3. “Heart Train of Multiple Meaning Words” by Kristine Lamb

“This FREEBIE activity has been created by Kristine Lamb @ www.livelovespeechkl.blogspot.com. I hope you all enjoy!!!!
Included:
Train game board
32 Cards: Multiple meaning words
8 Wild Cards
How to play:
Place all cards face down.
Students take turns choosing cards and state at least two meanings for each word the on the chosen card.
If two or more meanings are given, students roll a dice (any dice will do!) and move the appropriate spaces.
If chosen, follow the directions on the included wild cards.
The first student to the end of the “heart train” is the winner!”

4. “Make Your Own Magnetic Poetry Kit” by Runde’s Room

“Make your own magnetic poetry kit with this resource and a few basic supplies. You will need magnetic paper and a cookie sheet or metal sheet. Simply print out the word list, cut out the words, and start to create poetry! This kit makes a great center activity, collaborative poetry activity, or even a fun indoor recess activity.”

5. “Teaching Dialogue in Writing” by Miss Nannini

“This free pack is sure to help you through your writing dialogue unit! In this pack you will receive:
-Rules to edit/punctuate dialogue correctly posters
-Practice editing/punctuating dialogue passages with answer key
-Book ideas to teach dialogue
-Student center/group activity and recording sheet to practice putting together a quote with the correct punctuation.”

6. “Free Set of Making Connections Anchor Charts” by Irene Hines

“A Free Set Of Making Connections Anchor Charts:
~Text-To-Self
~Text-To-Text
~Text-To-World”

7. “Comprehension Graphic Organizer—Fits ANY Fiction Book” by MrHughes

“This handy little 2-page graphic organizer is just the thing you need to help your students stay focused during read-aloud. It also works great for book clubs, book reports, and independent contracts. The sky is the limit! Suggestions for use included!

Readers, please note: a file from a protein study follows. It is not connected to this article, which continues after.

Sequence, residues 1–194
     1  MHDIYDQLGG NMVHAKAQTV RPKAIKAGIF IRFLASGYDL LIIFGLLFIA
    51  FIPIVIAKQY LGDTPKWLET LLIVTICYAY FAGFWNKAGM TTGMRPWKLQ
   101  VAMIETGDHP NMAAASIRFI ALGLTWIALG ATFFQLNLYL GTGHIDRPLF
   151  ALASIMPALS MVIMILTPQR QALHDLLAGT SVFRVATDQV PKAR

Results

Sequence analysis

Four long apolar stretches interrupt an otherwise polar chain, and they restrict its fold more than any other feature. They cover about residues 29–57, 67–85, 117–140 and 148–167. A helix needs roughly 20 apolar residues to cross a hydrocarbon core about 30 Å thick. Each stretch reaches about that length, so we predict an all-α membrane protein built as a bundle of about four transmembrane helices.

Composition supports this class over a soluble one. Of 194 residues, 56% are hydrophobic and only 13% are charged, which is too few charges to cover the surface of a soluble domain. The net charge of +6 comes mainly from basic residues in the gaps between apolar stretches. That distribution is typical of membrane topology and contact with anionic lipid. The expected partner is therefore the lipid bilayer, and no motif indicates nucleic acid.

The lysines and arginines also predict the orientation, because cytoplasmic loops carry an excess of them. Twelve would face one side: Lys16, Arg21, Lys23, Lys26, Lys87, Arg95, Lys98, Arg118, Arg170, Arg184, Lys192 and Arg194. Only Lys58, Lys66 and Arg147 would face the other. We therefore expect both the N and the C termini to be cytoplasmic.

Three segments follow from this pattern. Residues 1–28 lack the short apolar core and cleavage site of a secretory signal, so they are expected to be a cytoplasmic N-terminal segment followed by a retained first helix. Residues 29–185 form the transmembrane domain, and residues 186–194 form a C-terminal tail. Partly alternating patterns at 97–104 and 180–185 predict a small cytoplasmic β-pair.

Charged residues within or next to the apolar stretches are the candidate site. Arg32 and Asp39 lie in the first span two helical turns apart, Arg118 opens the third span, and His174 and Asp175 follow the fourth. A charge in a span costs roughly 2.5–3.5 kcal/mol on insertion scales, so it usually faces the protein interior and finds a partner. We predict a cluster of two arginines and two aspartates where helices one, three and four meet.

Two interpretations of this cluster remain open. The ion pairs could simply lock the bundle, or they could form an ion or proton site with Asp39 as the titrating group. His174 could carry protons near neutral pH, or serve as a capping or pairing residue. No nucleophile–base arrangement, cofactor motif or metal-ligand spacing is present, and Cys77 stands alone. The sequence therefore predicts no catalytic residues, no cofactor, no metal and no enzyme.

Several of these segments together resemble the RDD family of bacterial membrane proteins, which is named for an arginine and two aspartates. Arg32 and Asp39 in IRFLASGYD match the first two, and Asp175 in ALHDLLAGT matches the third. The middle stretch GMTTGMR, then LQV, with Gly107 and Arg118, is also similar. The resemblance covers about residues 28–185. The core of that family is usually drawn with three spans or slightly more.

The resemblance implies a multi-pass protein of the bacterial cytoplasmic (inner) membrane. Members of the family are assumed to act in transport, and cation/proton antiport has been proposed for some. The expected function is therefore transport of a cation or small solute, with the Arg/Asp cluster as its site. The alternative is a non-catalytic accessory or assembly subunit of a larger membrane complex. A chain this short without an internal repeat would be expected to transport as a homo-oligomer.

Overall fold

Skills practiced:
-Connections
-Visualizations
-Responding to the Author
-Vocabulary
-Setting
-Plot
-Respond to feelings about the story
-Provide feedback and recommendations after reading
-And More!”

8. “Out of This World Similes” by The Peanut Gallery

“This 22 page simile unit is FREE and features fun and creative ways to involve and motivate students while teaching similes. The pages included are:
1. Simile Definition Poster
2. I Sense a Simile- student activity and sample
3. It Came From Planet Simile- simile/art activity (includes three different versions to suit grade/ability level)
4. Simile, Sweet Simile- identifying similes
5. Simile Haiku Poetry- writing haiku
6. Strange Similes- correcting mixed-up similes
7. Simile Scrambles- two different versions included”

9. “Free Bio Poems Made Easy” by Laura Candler

“A bio poem is a simple poem written about a person, and it follows a predictable pattern. You can have students write Bio Poems about themselves, but later you can have them write about famous historical figures or book characters. This lesson includes directions, a graphic organizer, a template, an example bio poem. Lesson created by Laura Candler.”